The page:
Johan van der Keuken:
Film and art, art and film: it was hard to escape that
duo in Paris in mid 2006. On the big screen, Raúl Ruiz’s Klimt, starring John Malkovich, reinvented the stale formula of the
artist biopic – aiming neither to faithfully chronicle Klimt’s life nor
slavishly transpose his modernist pictorial techniques into cinematic language,
but rather to find a free, inspired, dreamlike way of rendering both topics.
Wandering around the small-gallery belt of the 6th arrondissement
revealed not only a space devoted solely to the works of Emmanuelle director Just Jaeckin [1940-2022]
– tourists stand outside, gawking at the wall-size photos of Jane Fonda or
Serge Gainsbourg in the ‘60s – and a Portraits exhibition by the infamous David Hamilton [1933-2016] who made a handful of
feature films, but also an impressive 50-year select retrospective of the
vigorous abstract-expressionist canvases of Jean Miotte – whose painting techniques were the subject of an up-close documentary, Miotte by Ruiz (2001).
But it was in a concurrent series of large, elaborate,
thoughtful shows that art and film really got a mutual workout in Paris that
year. I have discussed Jean-Luc Godard’s Centre Pompidou epic, Voyage(s) en utopie, JLG, 1946-2006 here. More modestly
mounted and promoted, but more coherent and impressive, was Johan van der Keuken: Photographie et cinéma at the Maison Européene de la Photographie between 15 March and 11 June 2006.
This was an outstanding exhibition – the best of its
kind I have seen. The curatorial premise – that van der Keuken’s work in these two media constantly crossed over in decisive, fruitful ways, to
the point where he could continue exploring certain problematics by switching
from one to the other – was vividly brought to life in an ingenious sequence of
displays and projections.
Beginning in the 1950s at the precocious age of 17
with his startling images of teenagers, and moving through several photo-book
collections to his enrolment at a French film school (and the somber
publication Mortal Paris), van der Keuken had already established what would be the driving
impulse of his long, prolific and varied career as a filmmaker (he died in 2001):
to find a regard, a position in
relation to his subjects, that is both objective and subjective, dispassionate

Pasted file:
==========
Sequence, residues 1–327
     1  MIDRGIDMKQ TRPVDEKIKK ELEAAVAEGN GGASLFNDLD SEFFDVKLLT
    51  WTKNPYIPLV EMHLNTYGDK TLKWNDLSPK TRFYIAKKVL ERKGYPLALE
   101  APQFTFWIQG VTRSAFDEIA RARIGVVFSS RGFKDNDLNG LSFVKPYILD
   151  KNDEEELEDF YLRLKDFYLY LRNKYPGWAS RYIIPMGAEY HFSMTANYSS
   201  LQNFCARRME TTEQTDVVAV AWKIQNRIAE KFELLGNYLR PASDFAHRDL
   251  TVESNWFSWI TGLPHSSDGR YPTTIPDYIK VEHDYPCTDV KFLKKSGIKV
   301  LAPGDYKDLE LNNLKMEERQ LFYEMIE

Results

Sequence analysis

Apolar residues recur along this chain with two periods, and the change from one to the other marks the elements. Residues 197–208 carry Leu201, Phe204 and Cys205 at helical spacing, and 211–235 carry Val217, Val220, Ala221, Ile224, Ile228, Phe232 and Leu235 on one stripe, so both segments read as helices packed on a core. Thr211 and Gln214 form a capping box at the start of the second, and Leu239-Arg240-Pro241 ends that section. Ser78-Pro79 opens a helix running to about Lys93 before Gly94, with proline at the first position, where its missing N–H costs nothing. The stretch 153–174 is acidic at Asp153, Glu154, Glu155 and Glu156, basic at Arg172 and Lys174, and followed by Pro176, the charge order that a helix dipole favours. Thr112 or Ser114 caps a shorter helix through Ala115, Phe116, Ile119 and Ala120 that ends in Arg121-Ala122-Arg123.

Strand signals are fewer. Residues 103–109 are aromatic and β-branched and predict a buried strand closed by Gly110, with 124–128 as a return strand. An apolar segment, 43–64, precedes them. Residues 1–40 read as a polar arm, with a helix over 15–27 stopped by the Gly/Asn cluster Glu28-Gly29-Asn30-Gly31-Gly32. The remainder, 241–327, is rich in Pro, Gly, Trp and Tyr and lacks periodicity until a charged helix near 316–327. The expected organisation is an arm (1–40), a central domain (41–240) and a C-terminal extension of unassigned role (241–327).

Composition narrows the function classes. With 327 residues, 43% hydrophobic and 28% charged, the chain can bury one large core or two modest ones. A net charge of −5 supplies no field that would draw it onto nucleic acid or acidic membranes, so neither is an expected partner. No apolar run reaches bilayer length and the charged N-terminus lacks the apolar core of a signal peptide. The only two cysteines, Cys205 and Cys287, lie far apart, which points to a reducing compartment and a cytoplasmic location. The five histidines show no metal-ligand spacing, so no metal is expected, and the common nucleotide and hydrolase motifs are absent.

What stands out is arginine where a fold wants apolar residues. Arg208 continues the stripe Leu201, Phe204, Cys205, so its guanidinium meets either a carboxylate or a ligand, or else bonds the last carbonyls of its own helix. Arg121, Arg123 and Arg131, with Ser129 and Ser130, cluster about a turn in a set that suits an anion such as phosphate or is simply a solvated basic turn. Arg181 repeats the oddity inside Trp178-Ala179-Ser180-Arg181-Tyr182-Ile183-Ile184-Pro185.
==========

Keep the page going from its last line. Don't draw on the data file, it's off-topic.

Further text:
and compassionate, analytical and spontaneous, political and curious.
Van der Keuken’s work in
film and video partakes of a hybrid form that seems to be peculiarly Dutch:
beginning from a documentary pole, passing by way of the chronicle, diary,
travel-report or essay, he ends up at the severely rigorous, formal structures
of avant-garde cinema. Or vice versa. (One of the only local comparisons to
this fusion or hybrid that I can think of is Dirk de Bruyn – a Dutch-Australian.) Thomas Elsaesser’s book European Cinema Face to Face with Hollywood (Amsterdam University Press, 2004) contains an excellent essay on the director
and his methods.
Inspired and open at the moment of filming the world
(and especially its poor, struggling and dispossessed castes and classes), van
der Keuken was equally brilliant at creating
interrogatory forms and structures on the editing table. His preserved conceptual
notes are sometimes bewilderingly complex, as in his theory of shot distance and scale (as viewed, he suggests, ‘from
above’). His work, if sampled at random, can seem hard, cold and conceptual –
but, as this exhibition movingly demonstrated, taken in its whole evolution it
offers a precious record of an individual life constantly turned towards the
complexity of relating to others (friends, family, co-workers, those who are
part of one’s community or nation as well as those who will forever be strangers).
The simple, elegant ideas in the presentation of this
exhibition – a digital screen to allow the virtual ‘turning pages’ of his
books, multi-monitor assemblages comparing different kinds of camera movements
in his work (for a fuller description of this, see here),
edited video or DVD extracts alongside specific ‘cinematic’ experiments in his
photography – put to shame the dull, inert, white elephant which was the grand Stanley
Kubrick show that toured the world and landed in 2005 at ACMI in Melbourne,
Alas, compared to that facile wallow in auteur
celebrity – which managed to illuminate almost nothing about the director’s
work, with its tantalising documents untouchable
under glass, and its familiar anthology clips indifferently unreeling on plasma
screens – this indispensable exploration of cinema and photography would likely
get ruled out of a berth in Australia by that single, killing question: “Who’s
ever heard of this van der Keuken guy?” But it’s high
time we all heard and saw a lot more of him.
© Adrian Martin June 2006